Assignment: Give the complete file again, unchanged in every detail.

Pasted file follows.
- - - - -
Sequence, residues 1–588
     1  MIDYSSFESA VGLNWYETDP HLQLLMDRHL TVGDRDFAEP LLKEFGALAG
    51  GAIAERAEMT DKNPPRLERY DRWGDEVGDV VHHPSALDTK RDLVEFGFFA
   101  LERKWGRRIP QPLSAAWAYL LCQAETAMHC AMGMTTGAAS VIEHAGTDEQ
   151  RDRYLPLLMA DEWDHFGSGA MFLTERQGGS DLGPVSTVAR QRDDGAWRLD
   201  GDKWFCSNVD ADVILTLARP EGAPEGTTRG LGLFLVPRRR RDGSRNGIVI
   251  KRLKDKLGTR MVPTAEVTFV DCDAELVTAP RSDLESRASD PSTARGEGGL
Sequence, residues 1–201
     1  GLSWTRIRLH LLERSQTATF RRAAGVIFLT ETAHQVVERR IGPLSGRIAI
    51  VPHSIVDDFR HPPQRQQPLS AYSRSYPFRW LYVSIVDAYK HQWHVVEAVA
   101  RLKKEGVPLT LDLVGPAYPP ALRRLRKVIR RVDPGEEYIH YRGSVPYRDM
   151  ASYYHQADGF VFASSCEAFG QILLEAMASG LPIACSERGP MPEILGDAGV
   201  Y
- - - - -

Sequence, residues 1–588
     1  MIDYSSFESA VGLNWYETDP HLQLLMDRHL TVGDRDFAEP LLKEFGALAG
    51  GAIAERAEMT DKNPPRLERY DRWGDEVGDV VHHPSALDTK RDLVEFGFFA
   101  LERKWGRRIP QPLSAAWAYL LCQAETAMHC AMGMTTGAAS VIEHAGTDEQ
   151  RDRYLPLLMA DEWDHFGSGA MFLTERQGGS DLGPVSTVAR QRDDGAWRLD
   201  GDKWFCSNVD ADVILTLARP EGAPEGTTRG LGLFLVPRRR RDGSRNGIVI
   251  KRLKDKLGTR MVPTAEVTFV DCDAELVTAP RSDLESRASD PSTARGEGGL
Sequence, residues 1–201
     1  GLSWTRIRLH LLERSQTATF RRAAGVIFLT ETAHQVVERR IGPLSGRIAI
    51  VPHSIVDDFR HPPQRQQPLS AYSRSYPFRW LYVSIVDAYK HQWHVVEAVA
   101  RLKKEGVPLT LDLVGPAYPP ALRRLRKVIR RVDPGEEYIH YRGSVPYRDM
   151  ASYYHQADGF VFASSCEAFG QILLEAMASG LPIACSERGP MPEILGDAGV
   201  Y